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Monday, 2 October 2017

How to Play with LEGO: It's okay to break the sets up!


It's come to our attention that some people don't know how children should play with LEGO. We thought we'd better address that.

We've written before about people claiming that the new LEGO sets restrict creativity. Short version: only if you let them! It's not the sets that are the problem.

LEGO is a fantastic tool for developing STEM skills that can take kids right through from their toddler years to their teens and even into adulthood. But only if they make the most of it and for some kids, this might require a bit of adult guidance or sometimes adults getting out of the way!

My kids were at peak LEGO from around age 3-7, then the digital world pushed it out somewhat. They still play with LEGO sometimes and ask for LEGO sets for birthday and Christmas, but it doesn't absorb them for every spare waking hour as it once did.

A few things have recently rekindled their LEGO obsession, the LEGO Masters TV series and a recent LEGO workshop with a master builder who told all the parents to encourage their kids to break up the models they've bought and make new things with the bricks and develop skills to imagine and build their own creations. This really resonated with us, we've always permitted the kids to break up their models after a while (yes, with a little hesitancy for expensive sets!), but we realised we hadn't been doing enough to encourage them to develop their LEGO skills.

  1. Step 1 is choosing and building a set that appeals to a child. My kids have never had the slightest interest in LEGO City / Friends, superheroes or vehicles. But they love Ninjago, Chima, and LEGO Elves. Star Wars gets an occasional look in too. Building the sets is fantastic for developing instruction following techniques, but it's also important for learning LEGO building techniques. Kids find out how certain bricks can be used together. LEGO often make videos with the set designers that explain their choices, these are fantastic and give additional insight into the sets.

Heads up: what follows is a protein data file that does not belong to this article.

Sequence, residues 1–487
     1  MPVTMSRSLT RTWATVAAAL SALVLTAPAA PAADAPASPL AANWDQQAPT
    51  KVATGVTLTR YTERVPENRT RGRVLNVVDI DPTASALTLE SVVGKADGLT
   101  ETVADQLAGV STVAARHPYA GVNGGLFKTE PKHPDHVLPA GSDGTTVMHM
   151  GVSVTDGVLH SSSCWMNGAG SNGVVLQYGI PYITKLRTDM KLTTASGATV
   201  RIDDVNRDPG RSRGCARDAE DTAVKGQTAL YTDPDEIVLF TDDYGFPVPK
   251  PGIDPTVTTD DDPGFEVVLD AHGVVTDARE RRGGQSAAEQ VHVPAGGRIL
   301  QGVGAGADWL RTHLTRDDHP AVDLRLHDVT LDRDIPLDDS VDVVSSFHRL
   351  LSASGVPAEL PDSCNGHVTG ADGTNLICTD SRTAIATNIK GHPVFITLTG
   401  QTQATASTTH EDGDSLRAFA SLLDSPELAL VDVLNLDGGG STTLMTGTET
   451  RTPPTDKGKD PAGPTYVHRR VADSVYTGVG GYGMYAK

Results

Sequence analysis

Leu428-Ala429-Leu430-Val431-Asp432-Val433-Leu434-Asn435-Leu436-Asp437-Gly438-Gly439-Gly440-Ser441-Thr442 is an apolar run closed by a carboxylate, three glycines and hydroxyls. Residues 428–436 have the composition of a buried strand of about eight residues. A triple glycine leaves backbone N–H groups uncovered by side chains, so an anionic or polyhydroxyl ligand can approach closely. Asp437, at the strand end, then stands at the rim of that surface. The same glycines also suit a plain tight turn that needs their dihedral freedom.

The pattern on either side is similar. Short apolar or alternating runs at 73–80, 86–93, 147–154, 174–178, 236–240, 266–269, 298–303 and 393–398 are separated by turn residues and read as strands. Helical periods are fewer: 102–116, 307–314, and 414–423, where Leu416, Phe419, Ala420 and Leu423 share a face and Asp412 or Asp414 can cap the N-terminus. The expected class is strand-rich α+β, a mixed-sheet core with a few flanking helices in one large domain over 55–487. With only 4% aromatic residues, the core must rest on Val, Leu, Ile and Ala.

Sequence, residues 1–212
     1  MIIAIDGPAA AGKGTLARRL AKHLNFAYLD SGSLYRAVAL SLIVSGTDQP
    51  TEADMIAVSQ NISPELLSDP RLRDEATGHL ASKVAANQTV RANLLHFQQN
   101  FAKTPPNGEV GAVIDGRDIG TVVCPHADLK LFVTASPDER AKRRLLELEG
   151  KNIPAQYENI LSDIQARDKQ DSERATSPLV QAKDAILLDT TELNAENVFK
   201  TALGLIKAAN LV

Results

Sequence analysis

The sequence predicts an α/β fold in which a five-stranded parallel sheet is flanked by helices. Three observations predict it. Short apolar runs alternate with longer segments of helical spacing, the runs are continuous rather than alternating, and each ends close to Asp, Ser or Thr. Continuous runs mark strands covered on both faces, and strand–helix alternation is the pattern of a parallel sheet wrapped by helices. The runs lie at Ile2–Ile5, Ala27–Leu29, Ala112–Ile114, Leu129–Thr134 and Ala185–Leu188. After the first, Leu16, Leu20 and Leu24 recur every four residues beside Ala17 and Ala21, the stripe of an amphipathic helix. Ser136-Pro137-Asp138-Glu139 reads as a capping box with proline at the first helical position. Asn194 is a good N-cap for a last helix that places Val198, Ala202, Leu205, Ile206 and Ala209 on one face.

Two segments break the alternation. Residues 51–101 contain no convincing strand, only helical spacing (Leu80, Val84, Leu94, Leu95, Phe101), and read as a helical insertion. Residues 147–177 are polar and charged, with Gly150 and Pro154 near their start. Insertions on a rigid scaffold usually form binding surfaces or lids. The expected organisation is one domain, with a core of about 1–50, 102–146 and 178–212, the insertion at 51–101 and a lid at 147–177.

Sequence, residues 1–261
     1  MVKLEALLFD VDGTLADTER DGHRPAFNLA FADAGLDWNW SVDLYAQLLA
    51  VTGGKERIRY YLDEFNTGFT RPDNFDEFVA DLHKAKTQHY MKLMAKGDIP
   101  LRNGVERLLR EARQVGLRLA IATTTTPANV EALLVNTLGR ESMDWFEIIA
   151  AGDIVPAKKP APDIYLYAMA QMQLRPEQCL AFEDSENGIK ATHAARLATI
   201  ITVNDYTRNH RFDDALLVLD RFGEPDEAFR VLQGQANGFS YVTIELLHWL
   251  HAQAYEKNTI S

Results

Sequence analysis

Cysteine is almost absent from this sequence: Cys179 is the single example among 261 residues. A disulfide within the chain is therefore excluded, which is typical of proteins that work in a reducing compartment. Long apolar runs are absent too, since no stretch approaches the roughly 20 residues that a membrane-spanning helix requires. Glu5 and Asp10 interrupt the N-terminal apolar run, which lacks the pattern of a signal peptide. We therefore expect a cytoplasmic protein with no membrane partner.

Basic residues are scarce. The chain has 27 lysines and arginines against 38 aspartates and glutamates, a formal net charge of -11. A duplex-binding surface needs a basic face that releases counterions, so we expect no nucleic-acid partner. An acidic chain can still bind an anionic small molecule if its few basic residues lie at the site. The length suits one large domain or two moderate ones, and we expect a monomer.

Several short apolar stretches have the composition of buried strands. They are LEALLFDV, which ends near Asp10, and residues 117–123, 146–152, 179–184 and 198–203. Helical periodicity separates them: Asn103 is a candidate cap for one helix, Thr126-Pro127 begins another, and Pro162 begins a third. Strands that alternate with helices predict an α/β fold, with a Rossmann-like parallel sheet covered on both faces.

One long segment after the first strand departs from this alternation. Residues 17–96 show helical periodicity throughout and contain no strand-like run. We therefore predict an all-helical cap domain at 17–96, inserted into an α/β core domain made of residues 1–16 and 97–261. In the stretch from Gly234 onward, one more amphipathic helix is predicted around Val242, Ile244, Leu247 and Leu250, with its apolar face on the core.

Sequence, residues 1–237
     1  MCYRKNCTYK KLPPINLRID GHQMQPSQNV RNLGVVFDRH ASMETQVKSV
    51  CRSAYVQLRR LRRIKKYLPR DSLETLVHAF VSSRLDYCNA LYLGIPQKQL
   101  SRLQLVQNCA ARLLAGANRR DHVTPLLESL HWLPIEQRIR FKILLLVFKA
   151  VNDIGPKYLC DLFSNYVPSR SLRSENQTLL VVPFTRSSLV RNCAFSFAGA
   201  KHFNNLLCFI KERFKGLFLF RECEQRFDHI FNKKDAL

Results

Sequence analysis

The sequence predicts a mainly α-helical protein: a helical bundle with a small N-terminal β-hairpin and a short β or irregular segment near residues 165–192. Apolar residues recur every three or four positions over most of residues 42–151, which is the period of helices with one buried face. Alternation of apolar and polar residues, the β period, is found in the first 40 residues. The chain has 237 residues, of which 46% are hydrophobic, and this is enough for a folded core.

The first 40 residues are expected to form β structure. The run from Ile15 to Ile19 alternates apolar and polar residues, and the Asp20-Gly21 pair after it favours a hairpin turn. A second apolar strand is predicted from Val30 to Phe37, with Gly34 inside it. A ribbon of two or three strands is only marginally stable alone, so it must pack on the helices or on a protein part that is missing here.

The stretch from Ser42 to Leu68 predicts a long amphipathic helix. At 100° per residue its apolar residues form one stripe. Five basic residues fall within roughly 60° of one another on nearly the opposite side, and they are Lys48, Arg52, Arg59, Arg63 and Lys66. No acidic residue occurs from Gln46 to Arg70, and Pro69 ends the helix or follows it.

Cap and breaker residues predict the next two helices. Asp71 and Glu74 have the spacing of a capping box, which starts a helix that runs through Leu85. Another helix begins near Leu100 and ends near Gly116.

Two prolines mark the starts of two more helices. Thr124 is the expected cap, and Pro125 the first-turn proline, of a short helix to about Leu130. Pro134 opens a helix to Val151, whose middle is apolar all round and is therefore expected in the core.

2. Next kids play with the sets as they came. They keep them as complete sets that are stored with all their pieces on a shelf or in a cupboard or just kept out on a play table. My kids love watching the accompanying TV series or movies and then reenacting them with the sets. Then there's making their own stories up, loosely based on the universe that the set comes from. 
  3. After some time playing with a set on its own or with others from the same theme, play starts to blend with other sets. Themes get mixed up and adaptations get made. Kids make their own improvements to sets and larger scenes to play with. 
  4. Next, the focus moves to another set or an idea of their own. Parts get borrowed from sets to make something new. Eventually, a set gets reduced to individual parts ready to be made into something else. (This step can be scary for parents who spent a lot of money on a LEGO set.) Kids apply the building skills they learned in Step 1 and develop their own signature techniques. 
  5.  Next kids play with the creations they made themselves and keep going around the loop as they get new sets to add to the mix. We recommend adding in some boxes of Classic Lego to help with custom builds and setting LEGO challenges so kids can develop their design and building skills. 
  6. LEGO is also great for practical making when you need a custom container or case for something or a physical part for a tech project. Much as we love 3D printing and laser cutters, making stuff from LEGO is often faster and allows kids to be more independent. 
  7. Eventually, many kids will move on to more technical building with LEGO Technic (though as we've said before the range for girls is limited.)
  8. Being able to design your own LEGO technic machines and contraptions requires a lot of engineering skill, much of which can again be acquired through building boxed sets.
  9. Then there's combining LEGO with electronics and robotics. There's LEGO Boost for younger kids and LEGO Mindstorms EV3 for the older ones. LEGO Boost takes kids through the make-play-adapt-design cycle whereas LEGO Mindstorms is more focused on function than play, but follows a similar cycle. 
LEGO has recently announced that they're restructuring the company because it's got too complicated and they are losing kids to digital play. Let's hope they get things sorted and come out even stronger because LEGO really is awesome stuff - if you know how to use it.




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